RSI Corporate - Licensing

Learning by Tinkering

Edutopia – Matthew Farber, Ed.D.

“Teachers have adapted video games in an array of classroom content areas in quite creative ways. Of note is Minecraft, the perennially popular blocky sensation, which has a Creative mode that offers a sandbox—an open-world virtual environment where players can often create their own rules and goals guided by self-directed free play.”(more)

5 ways educational games improve learning, according to teachers

E-School News – Laura Ascione

“When teachers used digital educational games in the classroom, students raised test scores by more than half a letter grade in only three weeks, according to a study from researchers at Vanderbilt University and partners at Legends of Learning, a research-driven educational game platform. The new research, published by the Journal of the Learning Sciences, demonstrates the benefits of game-based learning for students when compared to students who had no access to such games.”(more)

Building a Sense of Community—With Math

Edutopia – Alessandra King

“It’s well known that children learn by playing and that playing has numerous cognitive benefits, including flexibility, focus, self-control, organization, and planning. Playing games may also help children develop logical, executive, and social skills. Some studies show that such benefits can come from video games, as these can strengthen a range of cognitive abilities, including visual and spatial discrimination, memory, reasoning, logic, and problem solving.”(more)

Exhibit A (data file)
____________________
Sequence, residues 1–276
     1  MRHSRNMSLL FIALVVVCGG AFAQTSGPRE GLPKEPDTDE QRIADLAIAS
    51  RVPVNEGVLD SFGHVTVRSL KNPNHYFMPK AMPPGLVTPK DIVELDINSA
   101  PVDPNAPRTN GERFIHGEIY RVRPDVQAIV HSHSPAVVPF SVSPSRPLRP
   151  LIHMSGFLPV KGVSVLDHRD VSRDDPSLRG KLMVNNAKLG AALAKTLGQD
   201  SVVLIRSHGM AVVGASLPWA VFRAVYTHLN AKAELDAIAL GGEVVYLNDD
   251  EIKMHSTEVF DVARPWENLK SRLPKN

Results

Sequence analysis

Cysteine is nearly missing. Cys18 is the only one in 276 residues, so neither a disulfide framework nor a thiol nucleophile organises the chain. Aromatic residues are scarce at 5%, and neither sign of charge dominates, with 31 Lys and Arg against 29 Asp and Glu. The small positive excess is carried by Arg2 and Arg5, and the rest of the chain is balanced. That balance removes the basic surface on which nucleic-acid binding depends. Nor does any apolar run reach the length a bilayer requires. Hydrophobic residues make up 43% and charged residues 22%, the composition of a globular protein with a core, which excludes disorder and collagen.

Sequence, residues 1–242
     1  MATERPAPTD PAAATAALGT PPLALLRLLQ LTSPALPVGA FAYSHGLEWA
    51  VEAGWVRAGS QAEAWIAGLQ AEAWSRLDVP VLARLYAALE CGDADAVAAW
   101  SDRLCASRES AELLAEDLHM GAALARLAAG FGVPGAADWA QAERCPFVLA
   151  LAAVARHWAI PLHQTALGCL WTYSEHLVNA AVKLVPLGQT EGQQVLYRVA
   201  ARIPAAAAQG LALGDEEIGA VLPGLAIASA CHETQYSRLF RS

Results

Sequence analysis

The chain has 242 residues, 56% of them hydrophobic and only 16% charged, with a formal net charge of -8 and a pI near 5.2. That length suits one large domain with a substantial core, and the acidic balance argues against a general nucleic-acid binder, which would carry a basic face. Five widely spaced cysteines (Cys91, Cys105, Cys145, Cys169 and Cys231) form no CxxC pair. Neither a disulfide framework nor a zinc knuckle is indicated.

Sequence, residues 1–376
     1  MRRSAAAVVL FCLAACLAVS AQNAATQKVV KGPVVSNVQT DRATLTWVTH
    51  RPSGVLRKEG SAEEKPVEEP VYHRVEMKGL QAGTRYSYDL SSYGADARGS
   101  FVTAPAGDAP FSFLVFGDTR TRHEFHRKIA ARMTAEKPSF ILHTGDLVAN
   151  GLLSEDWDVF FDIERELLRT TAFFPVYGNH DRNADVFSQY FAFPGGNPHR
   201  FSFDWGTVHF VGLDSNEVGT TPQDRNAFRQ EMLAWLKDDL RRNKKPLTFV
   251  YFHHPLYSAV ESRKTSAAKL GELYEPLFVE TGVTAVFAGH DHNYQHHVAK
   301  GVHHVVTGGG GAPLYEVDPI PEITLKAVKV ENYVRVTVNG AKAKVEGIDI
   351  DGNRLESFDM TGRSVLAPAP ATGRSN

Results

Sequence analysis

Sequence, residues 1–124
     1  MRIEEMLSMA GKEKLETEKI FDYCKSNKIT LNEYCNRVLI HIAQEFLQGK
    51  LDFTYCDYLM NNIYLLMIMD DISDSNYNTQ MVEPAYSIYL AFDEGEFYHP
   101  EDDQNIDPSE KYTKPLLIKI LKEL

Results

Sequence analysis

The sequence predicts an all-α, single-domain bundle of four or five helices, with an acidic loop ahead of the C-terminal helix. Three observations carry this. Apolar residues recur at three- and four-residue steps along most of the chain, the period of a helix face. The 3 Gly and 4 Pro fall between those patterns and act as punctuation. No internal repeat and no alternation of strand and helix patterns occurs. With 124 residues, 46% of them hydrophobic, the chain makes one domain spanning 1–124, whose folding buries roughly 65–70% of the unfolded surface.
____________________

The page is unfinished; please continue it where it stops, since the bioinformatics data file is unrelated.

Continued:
Can you solve it? The incredible sponge puzzle

The Guardian – Alex Bellos

“For today’s puzzle, let me introduce you to the Menger sponge, a fascinating object first described by the Austrian mathematician Karl Menger in 1926. We’ll get to the problem as soon as I explain what the object is. The Menger sponge is a cube with smaller cubes extracted from it, and is constructed as follows: Step A: Take a cube. Step B: Divide it into 27 smaller ‘subcubes’, so it looks just like a Rubik’s cube.”(more)

How to Roll Out Game-Based Learning—and Boost Engagement—in Your Classroom

Ed Surge – Aryah Fradkin

“During the six years that I taught U.S. History in Baltimore City Public Schools, I was always looking for new ways to engage my students. When Vadim Polikov—my childhood friend and a successful entrepreneur—approached me with a game-based learning business idea in the summer of 2015, I jumped at the idea. Vadim wanted to create enough curriculum games so they would be effective daily learning tools in schools. I had one big question: Would using games as a primary learning tool actually improve my students’ performance?.”(more)

New Research Proves Game-Based Learning Works—Here’s Why That Matters

Ed Surge – Vadim Polikov

” A great deal of initial research exists about blended learning techniques such as game-based learning, but adoption has stalled because of a lack of scalable, practical techniques that have also proven effective. Without proof of success, many school districts have opted not to adopt new technologies. Now a soon-to-be released study from Vanderbilt University demonstrates the impact of rigorous, peer reviewed research into curricular tools, in this case showing that students who played edgames outperformed their peers on standardized tests.”(more)